Unified voice?

Published 8:46 pm Wednesday, July 29, 2015


Virginians are an independent bunch. The commonwealth’s penchant for autonomy has deep historic roots and reveals itself in spheres ranging from religion to government and even to the establishment of political boundaries.

Virginia’s Baptist movement broke away from established church structures during the colonial period and was an important catalyst in the early American drive toward religious freedom. Today, Baptists, who operate free of any oversight of a central religious authority, are the largest religious group in the state.

The value placed upon independence by Virginians, who call their state the Birthplace of Presidents and whose home was also the home of many of the nation’s Founding Fathers, is evident in the United States organizing document, the U.S. Constitution, which owes its Bill of Rights in part to the desire by Virginians like Patrick Henry and George Mason that individual liberties be protected against the inevitable growth of the power of the federal government.

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Even the state’s political boundaries owe something to the ideal of self rule. Unlike most of the other 49 states, Virginia gives its cities autonomy from the counties around them. That’s a hard concept for folks who aren’t from the commonwealth to understand, as any Suffolk resident can attest if they’ve ever had to fill out a form that asked for both the city and county of their residence.

Perhaps with such a long and ingrained history of independent thinking and action, it is not all that surprising that the concept of regionalism has always been such a hard sell for parts of Virginia. To be sure, there are parts of the state where regional cooperation has been embraced. Northern Virginia is the obvious example, but one could argue that region’s embracement of the concept is also a clear example of the influence of Federalism from nearby Washington, D.C., and the more liberal attitudes of NoVa’s neighbors. In short, NoVa is the exception to the rule of resolute independence thriving in the rest of the commonwealth.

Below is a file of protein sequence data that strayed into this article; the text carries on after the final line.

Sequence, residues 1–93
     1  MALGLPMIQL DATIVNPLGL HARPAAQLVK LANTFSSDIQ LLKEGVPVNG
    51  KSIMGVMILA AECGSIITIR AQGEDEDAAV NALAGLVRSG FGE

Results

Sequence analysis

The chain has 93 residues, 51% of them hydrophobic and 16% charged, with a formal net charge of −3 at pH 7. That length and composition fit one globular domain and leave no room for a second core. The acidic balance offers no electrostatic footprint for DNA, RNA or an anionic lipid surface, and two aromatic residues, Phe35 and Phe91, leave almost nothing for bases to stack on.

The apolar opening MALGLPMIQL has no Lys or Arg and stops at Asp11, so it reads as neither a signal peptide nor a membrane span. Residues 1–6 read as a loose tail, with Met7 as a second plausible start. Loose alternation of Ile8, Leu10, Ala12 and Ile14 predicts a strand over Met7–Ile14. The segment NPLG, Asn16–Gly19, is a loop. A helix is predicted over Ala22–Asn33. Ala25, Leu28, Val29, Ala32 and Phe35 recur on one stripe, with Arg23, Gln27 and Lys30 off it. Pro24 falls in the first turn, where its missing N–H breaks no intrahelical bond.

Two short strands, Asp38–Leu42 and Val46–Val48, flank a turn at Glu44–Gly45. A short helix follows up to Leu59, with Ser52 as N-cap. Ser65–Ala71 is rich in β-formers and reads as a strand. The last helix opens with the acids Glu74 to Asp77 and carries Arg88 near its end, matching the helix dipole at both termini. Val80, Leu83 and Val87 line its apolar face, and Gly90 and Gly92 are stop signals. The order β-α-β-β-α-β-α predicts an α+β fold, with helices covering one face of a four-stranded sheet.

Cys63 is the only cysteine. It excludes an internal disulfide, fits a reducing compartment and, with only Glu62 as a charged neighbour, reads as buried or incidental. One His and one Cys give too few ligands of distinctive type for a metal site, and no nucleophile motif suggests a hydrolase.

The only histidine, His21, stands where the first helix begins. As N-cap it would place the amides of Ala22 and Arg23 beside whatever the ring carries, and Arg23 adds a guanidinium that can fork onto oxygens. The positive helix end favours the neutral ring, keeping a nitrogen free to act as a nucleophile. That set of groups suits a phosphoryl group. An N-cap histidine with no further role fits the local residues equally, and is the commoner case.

It is, therefore, also unsurprising that a governor with deep ties to both the federal government and to Northern Virginia would see regionalism from a different perspective than many of the people who have spent their lives here. Gov. Terry McAuliffe was in Norfolk this week, touting a new initiative, GoVirginia, which is intended to leverage the strengths of the Hampton Roads region to attract investment and tourism.

McAuliffe sees the potential for a unified voice among the cities of Tidewater. But many in the area see the likelihood they’ll end up spending their tax dollars to solve the problems of neighboring localities.

While it’s been said that a rising tide lifts all boats, the better analogy is that of a system of locks on a canal. The water that lifts boats moving from a lower point to a higher one does not rise on its own — it must be pumped or sluiced from one point to the other. If there’s an effectively unlimited supply of water, there’s no problem, but economies don’t work that way, and a regional approach aimed at raising the standards of one city must rely on the contributions of its neighbors for success.

Virginia’s demographics are changing, and even the communities of Tidewater are experiencing an influx of people for whom the long history of independence are not a part of their genetic character. McAuliffe’s call for a regional approach to development will likely gain better traction than similar calls from other politicians in recent history.

But there are still enough folks in these parts doggedly holding to their ideals about independence that one wonders whether the latest encouragement to a more regional approach to the area’s problems will have any more success than the ones that came before.

GoVirginia might seem sensible on the whiteboards in the offices of bureaucrats in Richmond, but we suspect that it will prove less enticing to the individual voters of Suffolk, Chesapeake, Virginia Beach, Portsmouth and Norfolk — and perhaps even less interesting to those Middle Peninsula localities separated from the rest of Hampton Roads by the mighty James River.

In the end, each of us is a citizen of a particular city or county. For many of us, the clarion call should be not GoVirginia, but GoSuffolk.